This post was originally published on Afro

By Tashi McQueen

People have made powerful reconnections by “tracing their roots” over the years, but the process isn’t always straightforward. The information available can run the gamut from dense, government documents to barely legible notes, handwritten on the back of a family photo. So, where to start? 

This week, the AFRO spoke with historians to find out the top seven ways to research your family history.

“The U.S. Census, the National Archives, local archival facilities, word of mouth, ancestry companies, church records and cemeteries are some good resources,” said David Reed, Ph.D., assistant professor of history and government at Bowie State University. “It takes time, energy and persistence but it can be done.”

Here are six resources you can use:

The U.S. Census Bureau

The U.S. Census Bureau has a genealogy page to help those seeking individual records from 1790 – 1950. The National Archives and Records Administration maintains the records for that specific time period. Decennial census records have a 72-year confidentiality rule to protect respondents’ privacy, so extra forms may be needed to access the information. According to the U.S. Census Bureau, “records from the 1960 to 2020 censuses can only be obtained by the person named in the record or their heir after submitting form BC-600 or BC-600SP.”

The U.S. Census data from 1790 to 1950 is maintained by the U.S. National Archives and Records Administration. Photograph courtesy of Windows/Unsplash.

You can access the list of questions asked in the census, genealogy maps, and an immigrant genealogy program online. The maps can help the researchers discover where their ancestors lived. The website mentions online subscription services where the 1790–1950 records are available to access through public libraries for free.

Public library 

Public libraries are an excellent source for discovering the past. TheEnoch Pratt Free Library has a genealogy page where you can access the four offices that specialize in different aspects of genealogy. There is the African American Department, a Maryland Department, the Periodicals Department, and the Social Science and History Department. The African American Department can assist the Black community in their search through obituaries. Research services are free, but to mail photocopies, requesters do have to pay. They have various records listed on their website and in person at their main branch.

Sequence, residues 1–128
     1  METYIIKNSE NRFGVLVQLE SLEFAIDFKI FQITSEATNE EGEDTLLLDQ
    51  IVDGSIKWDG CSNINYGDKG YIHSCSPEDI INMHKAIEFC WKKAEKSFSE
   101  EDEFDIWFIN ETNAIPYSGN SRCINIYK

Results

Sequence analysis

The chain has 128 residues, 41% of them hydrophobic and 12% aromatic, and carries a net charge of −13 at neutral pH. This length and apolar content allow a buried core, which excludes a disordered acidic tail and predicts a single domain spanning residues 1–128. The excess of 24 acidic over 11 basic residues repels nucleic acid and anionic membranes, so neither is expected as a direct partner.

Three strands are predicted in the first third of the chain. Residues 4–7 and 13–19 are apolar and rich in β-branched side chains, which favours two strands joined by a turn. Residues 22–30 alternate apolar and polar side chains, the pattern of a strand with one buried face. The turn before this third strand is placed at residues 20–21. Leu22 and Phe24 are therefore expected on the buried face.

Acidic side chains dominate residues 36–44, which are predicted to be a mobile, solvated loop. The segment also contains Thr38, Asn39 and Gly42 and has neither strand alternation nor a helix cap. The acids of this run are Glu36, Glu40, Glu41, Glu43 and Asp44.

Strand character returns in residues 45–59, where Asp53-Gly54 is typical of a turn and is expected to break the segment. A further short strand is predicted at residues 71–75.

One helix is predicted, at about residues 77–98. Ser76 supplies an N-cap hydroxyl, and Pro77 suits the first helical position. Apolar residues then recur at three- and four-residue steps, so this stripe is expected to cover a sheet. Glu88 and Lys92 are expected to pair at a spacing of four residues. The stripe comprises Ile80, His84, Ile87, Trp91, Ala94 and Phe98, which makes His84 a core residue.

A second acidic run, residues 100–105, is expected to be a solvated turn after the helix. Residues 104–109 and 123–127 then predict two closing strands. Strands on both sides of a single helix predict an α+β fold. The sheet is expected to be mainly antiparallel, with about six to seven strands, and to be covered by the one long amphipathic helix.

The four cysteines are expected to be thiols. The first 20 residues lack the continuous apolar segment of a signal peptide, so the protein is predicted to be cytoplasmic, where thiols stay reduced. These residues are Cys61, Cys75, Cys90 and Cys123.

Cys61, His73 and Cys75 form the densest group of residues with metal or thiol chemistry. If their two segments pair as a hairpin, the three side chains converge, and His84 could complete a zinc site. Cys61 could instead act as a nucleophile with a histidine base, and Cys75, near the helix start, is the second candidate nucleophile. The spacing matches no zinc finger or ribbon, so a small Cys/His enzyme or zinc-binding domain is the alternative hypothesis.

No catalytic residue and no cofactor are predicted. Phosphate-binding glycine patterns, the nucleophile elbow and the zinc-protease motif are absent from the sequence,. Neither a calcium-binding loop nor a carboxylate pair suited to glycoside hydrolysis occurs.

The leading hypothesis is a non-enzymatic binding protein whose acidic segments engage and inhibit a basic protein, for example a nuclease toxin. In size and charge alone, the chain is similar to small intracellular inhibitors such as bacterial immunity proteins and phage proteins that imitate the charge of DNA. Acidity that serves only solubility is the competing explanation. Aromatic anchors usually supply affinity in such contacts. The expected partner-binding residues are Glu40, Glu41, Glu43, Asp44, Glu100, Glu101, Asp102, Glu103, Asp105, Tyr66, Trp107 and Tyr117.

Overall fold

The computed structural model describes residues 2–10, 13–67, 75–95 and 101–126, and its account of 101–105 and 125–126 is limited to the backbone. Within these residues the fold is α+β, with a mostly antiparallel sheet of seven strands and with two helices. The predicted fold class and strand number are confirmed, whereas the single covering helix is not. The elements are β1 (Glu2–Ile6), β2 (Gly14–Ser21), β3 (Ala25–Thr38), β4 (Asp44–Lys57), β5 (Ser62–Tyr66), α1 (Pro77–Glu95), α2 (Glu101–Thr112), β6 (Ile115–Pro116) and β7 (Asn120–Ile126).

“We have many resources available though they are restricted to Maryland,” said Meghan McCorkell, chief of marketing, communications and strategy at the Enoch Pratt Free Library. “Some of our resources are available online with your Pratt library cards.” 

McCorkell continued, stating that “genealogy is one of our most popular services and our staff love helping people unravel their family mysteries. They get as excited as some of our customers do.”

Marriage and death certificates

Seekers can access marriage and death certificates through Some information is readily available and some may need to be requested. Ancestry comes with fees ranging from $21 to $59. The company can help find details about their burial locations, marriage, full names of past relatives and photos.

Newspaper archives

Another great way to get information on family members is through newspapers. The news provides accurate timestamps and records for and about the community. Several local historical newspapers like the Baltimore AFRO American Newspaper are great resources. The Library of Congress has catalogs containing newspaper clippings available on-site and online.

Military records

Seekers can find veterans’ records to search for relatives through the National Archives. Researchers can request information online, by mail or by fax. Individuals can check the status of an existing request through the National Archives. They have access to the funeral home director’s information and pre-world war one records. Persons can find pictures of military vessels, casualties from various conflicts, awards and medals based on each recorded American war.

Church records

Churches are a distinct part of the community and thus hold a host of information beneficial to a genealogy search. Speaking with local church members or staff connected to a relatives home town may provide a host of information. can help individuals find records online of all U.S. churches throughout history and other documents related to family history. It allows patrons to search church records and can give context about an ancestor, their church type, ethnicity and national origin.

The post Six resources to help you trace your roots appeared first on AFRO American Newspapers.